What molecule am I?
(R)-Dysidazirine is a natural product that Tadeusz F. Molinski and Chris M. Ireland* at the University of Utah (Salt Lake City) discovered in 1988 in the marine sponge Dysidea fragilis. The 2H-azirine ring occurs in nature only in D. fragilis, congeners from a different sponge, and azirinomycin1, an antibiotic that researchers at Merck (Rahway, NJ) obtained in 1970 by culturing the bacterium Streptomyces aureus.
Remarkably, despite its exceptionally high ring strain, the α,β-unsaturated 2H-azirine ring is stable in the absence of nucleophiles. The 1H NMR spectrum of a sample stored at –20 °C for 12 years remained unchanged, but the molecule had partially racemized.
Franklin Davis*, G. Venkat Reddy, and Hu Liu at Temple University (Philadelphia) reported the synthesis of optically pure (R)-dysidazirine in 1995. The data for the synthetic compound and natural product perfectly matched. except for the specific rotation. Apparently, the natural (R)-dysidazirine was only 89% optically pure.
Dysidazirine exhibits potent in vitro antifungal activity against the pathogenic yeast Candida albicans. It also inhibits cultured HCT-116 human colon cancer cells.
No hazard information on (R)-dysidazirine is available.
Aspirin1 was the Molecule of the Week for June 4, 2012. It is a venerable pain remedy and anticlotting agent that for decades has been recommended by physicians in low doses (81 mg) as a prophylactic against the risk of heart attack and stroke.
But recently, the independent US Preventive Services Task Force (USPSTF) reversed this recommendation for patients older than 60 years who have no history of heart attack or stroke. The USPTF stated that these patients receive no benefit from aspirin but may be at risk of internal bleeding from the compound. Some physicians, like Abbas Bitar at the University of Michigan, say that higher-risk patients should still consider a regimen of low-dose aspirin.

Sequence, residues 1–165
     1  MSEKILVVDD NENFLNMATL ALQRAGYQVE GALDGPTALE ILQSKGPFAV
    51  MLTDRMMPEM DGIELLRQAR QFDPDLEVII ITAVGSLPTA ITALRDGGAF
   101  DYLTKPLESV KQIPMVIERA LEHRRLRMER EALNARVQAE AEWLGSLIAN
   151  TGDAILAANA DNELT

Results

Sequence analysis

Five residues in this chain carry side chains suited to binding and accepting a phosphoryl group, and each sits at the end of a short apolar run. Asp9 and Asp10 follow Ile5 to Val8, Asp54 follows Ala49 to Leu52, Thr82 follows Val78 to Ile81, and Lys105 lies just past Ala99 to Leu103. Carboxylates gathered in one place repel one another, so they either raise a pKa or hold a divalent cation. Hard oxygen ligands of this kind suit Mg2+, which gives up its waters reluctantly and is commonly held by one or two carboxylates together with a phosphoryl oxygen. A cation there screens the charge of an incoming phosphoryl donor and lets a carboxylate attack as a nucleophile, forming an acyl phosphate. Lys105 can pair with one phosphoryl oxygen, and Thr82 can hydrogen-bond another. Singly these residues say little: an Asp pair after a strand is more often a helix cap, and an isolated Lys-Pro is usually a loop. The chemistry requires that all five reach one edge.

Bismuth subsalicylate2 was the Molecule of the Week for November 28, 2005. It is the active ingredient in more than century-old antiacid formulations, such as Pepto-Bismol, for “upset stomach”—nausea, indigestion, and the like.
Despite its long use, the crystal structure of bismuth subsalicylate was unknown until recently. Tom Willhammar, A. Ken Inge, and fellow researchers at Stockholm University used 3-D electron diffraction and scanning transmission electron microscopy to discover that the molecule has a layered structure with multiple stacking orientations. The stacking variations are the reason that the structure determination was so challenging.
1. CAS Reg. No. 50-78-2.
2. CAS Reg. No. 14882-18-9.
This molecule was suggested by a reader. We present almost all of the molecules suggested by our readers. If you have a molecule you would like us to consider, please send an e-mail to email@example.com. And thank you for your interest in Molecule of the Week! —Ed.
(R)-Dysidazirine fast facts
|CAS Reg. No.||113507-74-7|
|2H-Azirine-2-carboxylic acid, 3-(1E)-1-pentadecen-1-yl-, methyl ester, (2R)-|
|Molar mass||307.47 g/mol|
|Appearance||Low-melting white solid|
|Melting point||Not reported|
|Water solubility||Sparingly soluble; specific solubility not reported|
Learn more about this molecule from CAS, the most authoritative and comprehensive source for chemical information.
Stay Ahead of the Chemistry Curve
Learn how ACS can help you stay ahead in the world of chemistry.